How Do Carbon Nanotubes Grow? (Image 2)
The atomic wall-tapestry of nanotubes depends on their chiral symmetry, or helicity. Not only does this symmetry define all physical properties, but it also controls the rate of self-assembly of carbon atoms, or growth rate. The larger the chiral angle, the more loose thread-ends are available to accept arriving. [See related image Here.] (Date of Image: 2009)
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How do carbon nanotubes grow? The intimate mechanisms of carbon nanotube growth have provided scientists and engineers with a compelling puzzle for more than decade. Lack of experiments permitting the direct "viewing" of atomic-scale events--along with seemingly chaotic data from computer simulations, such as molecular dynamics--have added to this complex problem. Professor Boris Yakobson of Rice University and his research team have elucidated novel insight into nanotube growth by using mathematical models.
Nanotubes grow in a twisting pattern as they self-assemble with new atoms attaching to the end as the tube forms. The growth of nanotubes depends on their chiral symmetry, or helicity. One could compare this growth to a roll of gift-wrapping paper that is being rolled up. As the roll of gift-wrapping paper is formed into a tube, excess paper sometimes hangs off the end. As they form, nanotubes appear rolled, or twisted, resulting in an odd angle with the ends "hanging off" where new atoms are attached. This angle is called the nanotube's "chiral" angle. The larger the chiral angle, the more loose-thread ends are available to accept arriving atoms and the faster the tube grows.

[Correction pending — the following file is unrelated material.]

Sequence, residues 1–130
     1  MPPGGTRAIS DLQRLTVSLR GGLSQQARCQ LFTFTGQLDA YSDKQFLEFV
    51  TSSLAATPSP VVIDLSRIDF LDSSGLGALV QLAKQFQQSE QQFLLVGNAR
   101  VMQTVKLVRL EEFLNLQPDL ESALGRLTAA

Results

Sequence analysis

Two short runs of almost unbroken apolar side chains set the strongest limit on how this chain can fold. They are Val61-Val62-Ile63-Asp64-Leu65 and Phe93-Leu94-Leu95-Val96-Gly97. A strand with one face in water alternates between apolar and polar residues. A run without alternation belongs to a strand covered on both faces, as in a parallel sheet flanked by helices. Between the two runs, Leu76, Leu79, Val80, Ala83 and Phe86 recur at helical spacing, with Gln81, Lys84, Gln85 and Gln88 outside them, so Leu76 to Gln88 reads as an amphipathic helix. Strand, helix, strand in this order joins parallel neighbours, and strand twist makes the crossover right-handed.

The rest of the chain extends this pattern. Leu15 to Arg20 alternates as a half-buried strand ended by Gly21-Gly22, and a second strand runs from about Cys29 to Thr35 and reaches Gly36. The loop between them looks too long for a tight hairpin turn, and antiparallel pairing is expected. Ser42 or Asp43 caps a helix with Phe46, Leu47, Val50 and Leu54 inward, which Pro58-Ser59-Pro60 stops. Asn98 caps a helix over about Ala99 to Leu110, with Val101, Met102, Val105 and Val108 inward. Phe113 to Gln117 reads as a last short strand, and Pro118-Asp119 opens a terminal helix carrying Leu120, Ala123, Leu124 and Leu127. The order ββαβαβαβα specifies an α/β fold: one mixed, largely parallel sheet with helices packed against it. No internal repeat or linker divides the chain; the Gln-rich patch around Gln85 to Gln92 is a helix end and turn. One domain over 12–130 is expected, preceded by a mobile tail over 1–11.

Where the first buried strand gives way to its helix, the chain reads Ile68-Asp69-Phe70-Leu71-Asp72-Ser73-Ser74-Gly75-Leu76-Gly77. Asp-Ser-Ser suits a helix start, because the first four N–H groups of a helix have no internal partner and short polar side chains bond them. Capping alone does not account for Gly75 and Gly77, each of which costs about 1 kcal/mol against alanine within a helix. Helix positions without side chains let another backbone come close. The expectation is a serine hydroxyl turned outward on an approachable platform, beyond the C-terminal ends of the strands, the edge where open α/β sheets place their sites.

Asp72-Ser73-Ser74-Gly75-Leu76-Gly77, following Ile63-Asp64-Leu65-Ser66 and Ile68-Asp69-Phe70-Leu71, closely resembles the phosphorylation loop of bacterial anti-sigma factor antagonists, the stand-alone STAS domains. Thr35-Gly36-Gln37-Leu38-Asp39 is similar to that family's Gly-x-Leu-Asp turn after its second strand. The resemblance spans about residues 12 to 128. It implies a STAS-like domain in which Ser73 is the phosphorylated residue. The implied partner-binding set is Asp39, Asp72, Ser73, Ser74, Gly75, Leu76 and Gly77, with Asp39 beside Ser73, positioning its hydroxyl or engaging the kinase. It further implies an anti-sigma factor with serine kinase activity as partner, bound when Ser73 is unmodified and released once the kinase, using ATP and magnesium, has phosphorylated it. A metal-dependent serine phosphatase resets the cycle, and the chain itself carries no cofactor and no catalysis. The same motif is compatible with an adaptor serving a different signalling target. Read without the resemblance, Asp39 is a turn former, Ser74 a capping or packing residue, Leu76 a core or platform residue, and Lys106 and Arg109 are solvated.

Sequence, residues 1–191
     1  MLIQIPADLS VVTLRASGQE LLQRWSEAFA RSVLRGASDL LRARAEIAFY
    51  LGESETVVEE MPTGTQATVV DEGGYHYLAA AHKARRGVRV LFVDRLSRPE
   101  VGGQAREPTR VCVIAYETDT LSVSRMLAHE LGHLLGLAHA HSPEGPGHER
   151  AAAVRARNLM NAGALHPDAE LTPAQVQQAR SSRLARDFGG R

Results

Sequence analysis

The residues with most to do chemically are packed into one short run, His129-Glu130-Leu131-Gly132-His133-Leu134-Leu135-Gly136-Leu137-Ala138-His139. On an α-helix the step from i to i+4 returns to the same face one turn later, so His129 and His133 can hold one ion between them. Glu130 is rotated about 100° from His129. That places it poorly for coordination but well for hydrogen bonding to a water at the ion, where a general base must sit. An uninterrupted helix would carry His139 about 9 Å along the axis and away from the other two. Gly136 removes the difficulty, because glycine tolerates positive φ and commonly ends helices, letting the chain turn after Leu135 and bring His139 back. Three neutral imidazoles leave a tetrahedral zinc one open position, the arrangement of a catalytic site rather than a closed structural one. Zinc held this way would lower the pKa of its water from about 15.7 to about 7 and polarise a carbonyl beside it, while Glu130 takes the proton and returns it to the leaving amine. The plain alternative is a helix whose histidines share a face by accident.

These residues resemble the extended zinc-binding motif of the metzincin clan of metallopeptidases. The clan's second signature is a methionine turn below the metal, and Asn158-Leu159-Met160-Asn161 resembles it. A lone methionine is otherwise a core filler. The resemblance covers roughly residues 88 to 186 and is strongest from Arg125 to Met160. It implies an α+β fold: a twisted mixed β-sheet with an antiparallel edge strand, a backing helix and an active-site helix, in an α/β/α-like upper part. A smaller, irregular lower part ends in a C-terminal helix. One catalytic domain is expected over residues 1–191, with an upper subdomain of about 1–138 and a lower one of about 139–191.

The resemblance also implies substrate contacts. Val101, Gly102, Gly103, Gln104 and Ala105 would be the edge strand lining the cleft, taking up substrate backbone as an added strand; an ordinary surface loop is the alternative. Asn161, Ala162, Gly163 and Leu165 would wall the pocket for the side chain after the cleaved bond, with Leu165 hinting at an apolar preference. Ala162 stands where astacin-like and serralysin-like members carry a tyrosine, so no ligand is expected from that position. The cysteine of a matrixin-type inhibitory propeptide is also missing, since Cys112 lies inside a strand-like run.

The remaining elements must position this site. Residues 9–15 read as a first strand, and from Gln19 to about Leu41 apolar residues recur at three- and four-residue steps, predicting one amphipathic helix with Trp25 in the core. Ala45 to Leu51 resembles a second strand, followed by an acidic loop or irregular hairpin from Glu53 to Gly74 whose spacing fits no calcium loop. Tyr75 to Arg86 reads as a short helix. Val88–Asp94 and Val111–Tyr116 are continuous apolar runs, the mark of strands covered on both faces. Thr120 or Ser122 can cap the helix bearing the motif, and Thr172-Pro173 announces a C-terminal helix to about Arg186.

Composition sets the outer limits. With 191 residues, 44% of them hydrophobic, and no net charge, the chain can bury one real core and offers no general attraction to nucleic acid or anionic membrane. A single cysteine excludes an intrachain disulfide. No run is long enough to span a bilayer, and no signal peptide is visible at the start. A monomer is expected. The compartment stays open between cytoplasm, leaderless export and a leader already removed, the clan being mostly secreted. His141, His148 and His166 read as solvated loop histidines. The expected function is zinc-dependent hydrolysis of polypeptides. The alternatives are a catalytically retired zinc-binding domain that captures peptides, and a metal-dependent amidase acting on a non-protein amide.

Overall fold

The research team's efforts resulted in finding a direct proportional relationship between a nanotube's chiral angle (the amount the nanotube is twisted) and how fast it grows. These results lead to a deeper understanding of growth regularity and to direct quantitative predictions of growth rate, as being proportional to the chiral angle, in comparison to available experimental data.
Credit: M. Bankehsaz and B. I. Yakobson, Rice University; courtesy PNAS
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